The fashion of the elite generally incorporated finer fabrics. “Kandori lords and ladies in silks embroidered with House sigils” (p. 302). At court, men wore “muted silks” and women in “bright colors belted high beneath their breasts and embroidered down the arms and along the hems of their skirts” (p. 330). Prince Brys wore “gold-worked green silks” and his son, Diryk, wore a coat like his father’s (p. 303).

 

The soldiers of the various cities were marked by the appropriate sigil. In Canluum, “the guards at the outer tower, in helmets with Varan’s antlered crest and the Red Stag on their chests” (p. 216). The guards on the wall wore “back- and breastplates” (p. 216). In Chachin, the guards wore helmets and breastplates and the “Red Horse on their chests” (p. 294). “The Red Horse was embroidered on the green tabards they wore over their breastplates, and their halberds bore red-and-green streamers. They were quiet colorful, with their red helmets and breeches and their polished high green boots” (p. 297). The officer had a “red-plumed helmet” (p. 297).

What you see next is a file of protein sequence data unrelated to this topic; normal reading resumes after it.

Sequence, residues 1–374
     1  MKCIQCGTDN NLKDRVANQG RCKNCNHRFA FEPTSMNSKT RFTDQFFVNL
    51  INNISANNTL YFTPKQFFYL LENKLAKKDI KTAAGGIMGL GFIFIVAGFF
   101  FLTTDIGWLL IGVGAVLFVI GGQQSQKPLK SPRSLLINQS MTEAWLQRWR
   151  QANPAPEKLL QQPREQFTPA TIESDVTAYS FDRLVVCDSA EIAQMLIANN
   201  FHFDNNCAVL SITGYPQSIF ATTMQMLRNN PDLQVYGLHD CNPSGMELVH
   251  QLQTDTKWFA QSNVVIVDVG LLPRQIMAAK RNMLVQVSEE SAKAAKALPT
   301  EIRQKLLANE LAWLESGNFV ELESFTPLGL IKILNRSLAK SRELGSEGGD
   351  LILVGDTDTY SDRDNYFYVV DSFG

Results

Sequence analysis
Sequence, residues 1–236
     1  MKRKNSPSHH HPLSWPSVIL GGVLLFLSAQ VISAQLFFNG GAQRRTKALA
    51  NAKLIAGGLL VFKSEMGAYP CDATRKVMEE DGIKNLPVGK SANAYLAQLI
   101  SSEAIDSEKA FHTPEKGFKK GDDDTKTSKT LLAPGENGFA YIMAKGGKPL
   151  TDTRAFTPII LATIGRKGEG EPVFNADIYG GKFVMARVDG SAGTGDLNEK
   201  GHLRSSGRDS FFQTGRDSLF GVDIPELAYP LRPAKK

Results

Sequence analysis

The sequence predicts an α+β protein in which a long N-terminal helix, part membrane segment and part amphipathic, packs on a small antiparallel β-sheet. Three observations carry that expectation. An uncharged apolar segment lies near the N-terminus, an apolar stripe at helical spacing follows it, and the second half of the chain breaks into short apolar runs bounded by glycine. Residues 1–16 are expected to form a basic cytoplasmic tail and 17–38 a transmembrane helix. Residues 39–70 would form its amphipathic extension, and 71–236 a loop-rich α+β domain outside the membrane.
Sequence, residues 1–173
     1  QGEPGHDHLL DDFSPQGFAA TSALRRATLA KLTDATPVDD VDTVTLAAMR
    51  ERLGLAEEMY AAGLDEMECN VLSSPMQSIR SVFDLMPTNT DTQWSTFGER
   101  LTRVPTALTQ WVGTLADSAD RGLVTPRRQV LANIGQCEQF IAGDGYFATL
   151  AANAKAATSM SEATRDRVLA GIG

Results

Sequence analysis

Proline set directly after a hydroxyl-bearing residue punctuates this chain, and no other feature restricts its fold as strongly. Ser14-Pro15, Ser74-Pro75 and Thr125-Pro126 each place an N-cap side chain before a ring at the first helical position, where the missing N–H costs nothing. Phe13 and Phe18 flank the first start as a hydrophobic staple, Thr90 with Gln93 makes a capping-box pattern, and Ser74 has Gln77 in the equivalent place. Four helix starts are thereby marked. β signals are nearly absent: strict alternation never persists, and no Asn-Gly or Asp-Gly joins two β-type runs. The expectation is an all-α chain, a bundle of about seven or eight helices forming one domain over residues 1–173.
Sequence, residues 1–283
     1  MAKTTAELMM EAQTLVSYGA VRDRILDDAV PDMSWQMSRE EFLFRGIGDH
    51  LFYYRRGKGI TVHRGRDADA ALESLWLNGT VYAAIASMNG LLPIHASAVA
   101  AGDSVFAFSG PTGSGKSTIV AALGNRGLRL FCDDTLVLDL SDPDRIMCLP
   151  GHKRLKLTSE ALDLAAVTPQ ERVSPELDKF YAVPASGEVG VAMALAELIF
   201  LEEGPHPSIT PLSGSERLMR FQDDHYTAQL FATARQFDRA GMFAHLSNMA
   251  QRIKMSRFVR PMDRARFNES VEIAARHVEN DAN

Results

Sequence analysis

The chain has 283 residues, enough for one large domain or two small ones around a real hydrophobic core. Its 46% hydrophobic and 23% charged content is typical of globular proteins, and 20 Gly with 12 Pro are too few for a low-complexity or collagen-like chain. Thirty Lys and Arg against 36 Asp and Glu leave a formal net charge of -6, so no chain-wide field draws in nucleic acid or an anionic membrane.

So while there were occasionally limitations due to status, Kandori fashion generally included bright colors and embroidery. Wool might be more common among the lower classes, but was just as likely to be embroidered. Men generally wore coats and baggy breeches while women usually wore blouses and wide trousers.

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Shienaran and Malkieri “New Spring” Fashion

This post contains spoilers for New Spring.

Malkier lay to the north of Shienar; and when it fell, Shienar truly became part of the Borderlands. “The law in every Borderland forbade hiding your face inside village or town” (p. 216).

Shienar